What are we celebrating at the Indo-German Urban Mela?

Germany wants to get a share of the Indian workforce. “The be frank: We are interested in the bright young minds you have here”, Germany’s embassador to India, Michael Steiner, said at a press conference ahead of the “Indo-German Urban Mela”.

The Mela is a huge festival, with what Germany wants to promote itself as a country of innovation and excellence. So far many young Indians from the middle class only have football in mind, when they think about Germany. Or Michael Schumacher. Or Steffi Graf.  “We don’t have an image problem, we have a knowledge problem”, says embassador Steiner. That’s why Germany apparently puts a whole lot of money into the Mela (Hindi word for party) to travel through the metropolians in the subcontinent.

Embassador Michael Steiner at a press conference

The citys for the celebrations are well chosen: Mumbai, the economic capital; Bangalore, the IT-center of the country; Chennai, the “Detroit of India” with all the car manufacturers and a huge port; Delhi, where most people live; and Pune, the student city. Looks like the perfect target group to me.

Germany had tried moves like that before. At the beginning of the milennium the powerhouse of Europe started to realise that it didn’t have enough IT-specialists and asked highly educated foreigners to float into the country. Germany tried to issue greencard-visas, just as the USA do. But the quota of Germany’s cards was never exhausted, because the country wasn’t attractive enough.

Now they give it another try. A year ago some high-ranked Germans, including chancellor Angela Merkel, proclaimed the Year of Germany in India. The Mela is “the highlight” (Steiner) of it.

The German Minister for Economic Affairs, Philipp Rösler, also visited the Mela. Then he and his entourage marched through the slum Rangpuri Paharati.

In Delhi the highlight of the German Year looks like this: 16 modern, especially for this festival built (and surely expensive) pavillons are set up in the Milennium Park at the outskirts of the city – where not many people pass by. The park is neat and clean, the light is pleasant, the music gentle and everybody has comfortable space to walk and sit and stand around. Strolling through the complex doesn’t in any way feel like being in Delhi.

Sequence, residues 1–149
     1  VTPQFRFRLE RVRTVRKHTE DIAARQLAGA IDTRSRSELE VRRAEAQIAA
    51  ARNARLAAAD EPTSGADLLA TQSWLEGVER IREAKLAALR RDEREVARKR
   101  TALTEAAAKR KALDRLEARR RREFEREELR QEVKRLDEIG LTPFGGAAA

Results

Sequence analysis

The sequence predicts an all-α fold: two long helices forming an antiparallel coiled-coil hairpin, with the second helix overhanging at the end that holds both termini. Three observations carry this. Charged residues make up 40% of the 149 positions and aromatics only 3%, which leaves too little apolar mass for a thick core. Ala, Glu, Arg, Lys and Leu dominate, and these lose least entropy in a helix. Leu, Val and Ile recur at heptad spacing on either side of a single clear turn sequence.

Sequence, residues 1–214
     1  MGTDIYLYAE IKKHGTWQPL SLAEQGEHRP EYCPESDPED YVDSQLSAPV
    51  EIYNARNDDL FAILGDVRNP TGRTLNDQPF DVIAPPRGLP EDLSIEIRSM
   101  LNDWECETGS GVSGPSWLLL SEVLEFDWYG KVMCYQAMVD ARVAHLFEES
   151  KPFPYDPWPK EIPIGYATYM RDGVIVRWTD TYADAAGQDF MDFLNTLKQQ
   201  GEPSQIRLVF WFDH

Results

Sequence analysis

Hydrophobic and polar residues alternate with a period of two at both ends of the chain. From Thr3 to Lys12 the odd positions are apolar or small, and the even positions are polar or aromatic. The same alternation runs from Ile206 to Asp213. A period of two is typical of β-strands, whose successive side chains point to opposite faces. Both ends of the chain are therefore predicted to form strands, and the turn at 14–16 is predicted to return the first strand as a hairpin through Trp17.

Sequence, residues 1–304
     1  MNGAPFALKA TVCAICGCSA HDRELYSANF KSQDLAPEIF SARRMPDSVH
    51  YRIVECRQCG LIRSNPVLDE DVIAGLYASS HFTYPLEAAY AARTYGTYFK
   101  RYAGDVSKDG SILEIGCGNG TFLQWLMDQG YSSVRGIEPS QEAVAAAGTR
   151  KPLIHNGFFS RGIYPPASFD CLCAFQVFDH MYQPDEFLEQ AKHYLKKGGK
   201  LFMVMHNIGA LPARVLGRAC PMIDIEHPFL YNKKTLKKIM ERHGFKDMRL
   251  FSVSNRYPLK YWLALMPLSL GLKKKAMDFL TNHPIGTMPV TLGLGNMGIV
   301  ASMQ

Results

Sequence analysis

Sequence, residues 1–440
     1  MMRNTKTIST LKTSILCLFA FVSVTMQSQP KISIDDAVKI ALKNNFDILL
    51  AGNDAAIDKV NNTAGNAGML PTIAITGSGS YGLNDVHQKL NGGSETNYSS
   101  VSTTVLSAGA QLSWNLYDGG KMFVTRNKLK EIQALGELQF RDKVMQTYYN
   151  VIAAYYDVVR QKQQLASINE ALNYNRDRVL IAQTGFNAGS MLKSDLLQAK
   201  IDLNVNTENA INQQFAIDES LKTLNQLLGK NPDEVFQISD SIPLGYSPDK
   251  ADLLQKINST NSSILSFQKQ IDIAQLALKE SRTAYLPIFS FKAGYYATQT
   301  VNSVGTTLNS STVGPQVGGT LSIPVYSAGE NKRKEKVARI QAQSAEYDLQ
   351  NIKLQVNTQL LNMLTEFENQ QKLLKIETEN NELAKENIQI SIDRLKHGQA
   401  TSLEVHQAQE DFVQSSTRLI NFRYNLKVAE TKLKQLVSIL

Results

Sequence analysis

I wonder if this is a good idea. The pavillons look like they are spaceships from another world that landed on this neatly cut grass inside the park walls. The head of the public relations department posted a picture of the mela on his facebook page and someone commented: “a (european) friend of mine said: this is the first time in India, I dont feel like being in India!… yes, my dear, it is GERMANY in INDIA.. great display!”

But why do we come to India if we don’t want to feel like being in India? And, what is the even bigger question for me: Why do we need to show Indians how different we are? Why do we give the huge german-based companies the space to promote themselves in the park? In most of the pavillons one couldn’t find information and gadgets of German universities or ministries, but of global players like Allianz, BASF, Bosch, Deutsche Bank, Siemens, Airbus, DHL, Metro, SAP, Voith and Volkswagen.

Humayun’s Tomb, shining in the colours of Germany and India

Next to the park is Humayun’s tomb, a national heritage site. For the eight days of the Mela the German embassy was allowed to illuminate the antique building in the colours of the flags of Germany and India. The public relations manager put it as a “birthday present for 60 years of Indo-German diplomatic relations”. But the german black-red-yellow on a shrine? I don’t feel good seeing this. The building is a national symbol, not to be occupied by others.

At the same day as the Mela a new House for Research and Innovation was opened in New Delhi. For the celebration a state secretary was flown in who was also biding for the “young, bright minds” to come to Germany. According to the Deutsche Akademische Austausch Dienst (DAAD, German Academic Exchange Service) the number of Indian students in Germany in the last four years has grown by 70 per cent to nearly 6000. This is mainly due to new visa regualtions that allow non-EU-citicens to stay after they finish university – when they can find a job and add their workforce to the country, that is.